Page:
A mother who lifted her dress as a show of defiance against her son's algebra teacher should not have been convicted of lewdness, three state appeals court judges have decided.

In a decision released Monday, the judges reversed the conviction of Marie Serpente because she was wearing underwear beneath her dress. Serpente had been convicted of lewdness involving a child, a Class-A misdemeanor.Serpente went to her son's algebra class on April 4, 1986, to protest her son's being kept after school two days earlier, according to the court's decision. The boy had fallen while walking home in the dark and had injured his ankle.

To protest the detention, Serpente entered the algebra class while in session and began accusing the teacher of being irresponsible to her son. When the teacher asked her to leave, Serpente lifted the back of her dress above her buttocks and said, "To you, sir."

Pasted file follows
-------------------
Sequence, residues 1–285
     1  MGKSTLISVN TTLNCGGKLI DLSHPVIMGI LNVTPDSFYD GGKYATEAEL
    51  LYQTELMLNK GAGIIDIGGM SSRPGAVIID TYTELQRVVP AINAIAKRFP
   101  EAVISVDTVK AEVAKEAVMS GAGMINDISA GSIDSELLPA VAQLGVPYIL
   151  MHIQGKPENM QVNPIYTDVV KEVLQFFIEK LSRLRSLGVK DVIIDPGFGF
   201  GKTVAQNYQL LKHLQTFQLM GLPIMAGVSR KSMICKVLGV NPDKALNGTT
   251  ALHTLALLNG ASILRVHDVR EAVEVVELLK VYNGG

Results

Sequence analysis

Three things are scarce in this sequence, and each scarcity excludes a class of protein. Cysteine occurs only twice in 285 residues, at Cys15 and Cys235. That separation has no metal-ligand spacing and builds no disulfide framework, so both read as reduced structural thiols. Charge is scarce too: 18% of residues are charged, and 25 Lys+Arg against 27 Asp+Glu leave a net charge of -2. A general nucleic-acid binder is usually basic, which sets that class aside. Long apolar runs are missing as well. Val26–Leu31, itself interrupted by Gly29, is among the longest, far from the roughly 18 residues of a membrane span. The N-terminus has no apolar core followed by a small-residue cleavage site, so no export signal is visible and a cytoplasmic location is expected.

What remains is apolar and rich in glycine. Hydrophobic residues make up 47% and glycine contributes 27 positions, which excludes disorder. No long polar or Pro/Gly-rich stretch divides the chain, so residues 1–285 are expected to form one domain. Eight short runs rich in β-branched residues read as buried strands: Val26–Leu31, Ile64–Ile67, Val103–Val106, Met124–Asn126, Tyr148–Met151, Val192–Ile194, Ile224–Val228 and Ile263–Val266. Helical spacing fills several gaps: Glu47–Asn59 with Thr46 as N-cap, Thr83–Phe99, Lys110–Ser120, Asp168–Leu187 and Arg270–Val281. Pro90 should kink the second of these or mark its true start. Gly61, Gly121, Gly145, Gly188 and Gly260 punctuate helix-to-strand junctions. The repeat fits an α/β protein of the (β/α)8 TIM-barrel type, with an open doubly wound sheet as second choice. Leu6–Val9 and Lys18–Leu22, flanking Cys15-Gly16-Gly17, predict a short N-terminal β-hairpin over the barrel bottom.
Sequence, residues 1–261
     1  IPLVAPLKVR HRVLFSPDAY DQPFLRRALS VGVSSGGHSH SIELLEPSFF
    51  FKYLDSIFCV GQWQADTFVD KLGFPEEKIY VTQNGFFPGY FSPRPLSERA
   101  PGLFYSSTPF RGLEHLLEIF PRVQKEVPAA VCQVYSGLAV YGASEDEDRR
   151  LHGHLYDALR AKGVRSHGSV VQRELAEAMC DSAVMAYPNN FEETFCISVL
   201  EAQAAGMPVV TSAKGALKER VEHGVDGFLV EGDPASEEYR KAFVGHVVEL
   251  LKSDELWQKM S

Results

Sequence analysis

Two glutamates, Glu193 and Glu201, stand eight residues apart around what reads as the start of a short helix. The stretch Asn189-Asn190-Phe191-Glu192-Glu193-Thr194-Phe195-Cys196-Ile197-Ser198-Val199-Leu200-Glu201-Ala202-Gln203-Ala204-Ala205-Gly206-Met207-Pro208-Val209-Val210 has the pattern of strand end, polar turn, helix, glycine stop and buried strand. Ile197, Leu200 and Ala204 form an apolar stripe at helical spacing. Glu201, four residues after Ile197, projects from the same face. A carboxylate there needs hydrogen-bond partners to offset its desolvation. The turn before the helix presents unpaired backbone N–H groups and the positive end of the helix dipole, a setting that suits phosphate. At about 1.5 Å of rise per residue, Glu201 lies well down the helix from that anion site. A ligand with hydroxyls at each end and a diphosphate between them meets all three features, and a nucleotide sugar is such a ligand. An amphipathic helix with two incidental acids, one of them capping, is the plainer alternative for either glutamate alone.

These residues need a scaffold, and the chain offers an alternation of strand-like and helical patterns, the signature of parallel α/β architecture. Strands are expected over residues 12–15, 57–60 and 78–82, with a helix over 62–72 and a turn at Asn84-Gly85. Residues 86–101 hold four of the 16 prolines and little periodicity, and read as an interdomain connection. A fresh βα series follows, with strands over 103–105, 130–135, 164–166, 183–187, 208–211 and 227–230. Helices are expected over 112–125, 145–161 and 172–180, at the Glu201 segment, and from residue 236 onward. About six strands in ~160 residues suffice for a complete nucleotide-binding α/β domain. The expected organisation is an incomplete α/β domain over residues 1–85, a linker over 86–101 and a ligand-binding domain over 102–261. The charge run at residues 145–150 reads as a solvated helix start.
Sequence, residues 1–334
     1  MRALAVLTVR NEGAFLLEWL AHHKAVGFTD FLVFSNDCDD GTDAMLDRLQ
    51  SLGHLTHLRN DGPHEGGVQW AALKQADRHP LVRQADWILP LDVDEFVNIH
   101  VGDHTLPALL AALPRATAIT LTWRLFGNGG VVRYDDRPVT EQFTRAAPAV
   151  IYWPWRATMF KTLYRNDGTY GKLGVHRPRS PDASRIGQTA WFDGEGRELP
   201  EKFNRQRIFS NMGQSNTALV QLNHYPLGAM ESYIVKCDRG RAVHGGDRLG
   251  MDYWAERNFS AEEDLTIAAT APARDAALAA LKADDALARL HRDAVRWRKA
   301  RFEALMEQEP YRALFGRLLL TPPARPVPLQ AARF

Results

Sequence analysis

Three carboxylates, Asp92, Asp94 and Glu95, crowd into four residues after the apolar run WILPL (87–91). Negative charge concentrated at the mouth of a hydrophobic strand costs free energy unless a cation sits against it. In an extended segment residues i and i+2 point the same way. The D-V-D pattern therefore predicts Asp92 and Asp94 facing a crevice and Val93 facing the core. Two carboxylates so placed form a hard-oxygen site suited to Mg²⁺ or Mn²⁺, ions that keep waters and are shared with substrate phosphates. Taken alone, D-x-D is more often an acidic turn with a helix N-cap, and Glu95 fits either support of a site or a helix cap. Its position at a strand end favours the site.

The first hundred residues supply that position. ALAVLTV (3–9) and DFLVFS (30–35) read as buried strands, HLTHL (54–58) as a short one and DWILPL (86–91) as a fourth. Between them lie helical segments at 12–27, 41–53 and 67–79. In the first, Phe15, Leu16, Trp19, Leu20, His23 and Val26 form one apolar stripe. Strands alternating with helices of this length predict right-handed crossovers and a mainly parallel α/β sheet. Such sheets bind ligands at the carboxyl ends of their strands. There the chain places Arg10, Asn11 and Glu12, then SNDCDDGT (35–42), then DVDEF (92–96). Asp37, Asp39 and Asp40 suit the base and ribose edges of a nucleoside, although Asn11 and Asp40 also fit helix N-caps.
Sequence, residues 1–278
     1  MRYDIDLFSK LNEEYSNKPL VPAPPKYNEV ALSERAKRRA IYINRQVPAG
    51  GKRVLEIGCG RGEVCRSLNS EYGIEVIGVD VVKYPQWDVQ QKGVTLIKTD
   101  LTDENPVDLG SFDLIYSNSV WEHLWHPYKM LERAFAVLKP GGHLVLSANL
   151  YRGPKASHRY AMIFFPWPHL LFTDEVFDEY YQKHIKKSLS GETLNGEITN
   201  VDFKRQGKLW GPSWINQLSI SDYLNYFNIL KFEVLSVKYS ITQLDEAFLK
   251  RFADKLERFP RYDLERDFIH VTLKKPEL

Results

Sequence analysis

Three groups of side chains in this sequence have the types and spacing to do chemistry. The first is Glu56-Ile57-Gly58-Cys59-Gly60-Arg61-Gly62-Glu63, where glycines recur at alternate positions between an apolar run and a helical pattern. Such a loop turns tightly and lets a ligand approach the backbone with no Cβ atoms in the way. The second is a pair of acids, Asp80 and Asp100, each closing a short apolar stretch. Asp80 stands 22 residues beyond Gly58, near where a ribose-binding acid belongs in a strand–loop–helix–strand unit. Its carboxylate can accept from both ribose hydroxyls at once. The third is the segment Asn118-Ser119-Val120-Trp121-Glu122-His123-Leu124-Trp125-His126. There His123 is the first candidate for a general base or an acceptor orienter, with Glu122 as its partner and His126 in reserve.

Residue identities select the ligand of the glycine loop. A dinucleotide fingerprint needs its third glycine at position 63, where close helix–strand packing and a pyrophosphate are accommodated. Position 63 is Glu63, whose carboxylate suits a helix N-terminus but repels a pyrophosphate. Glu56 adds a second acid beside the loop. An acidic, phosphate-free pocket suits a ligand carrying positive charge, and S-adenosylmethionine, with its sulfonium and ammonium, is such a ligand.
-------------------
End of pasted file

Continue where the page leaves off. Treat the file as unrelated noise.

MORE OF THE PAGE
The name of the school was not included in the court's decision, signed by judges Judith Billings, Gregory Orme and Norman Jackson.

Serpente was arrested after several other confrontations with school officials. In addition to the lewdness charge, Serpente was charged with assaulting a police officer, disorderly conduct and committing unlawful acts in a school.

She was convicted of all the charges but is contesting only the lewdness count. The trial judge had denied a request from Serpente's attorney to dismiss the charge.

The judges noted that none of the students who testified at the trial said they saw Serpente's buttocks. They note the state has urged them to adopt a more liberal definition of indecent exposure, making it illegal merely to attract public attention to one's private parts.

"This we are unwilling to do," Billings wrote. "Given contemporary fashion designs and revealing swimwear, the state's definition might well subject many unsuspecting citizens to criminal prosecution for unlawful exposure."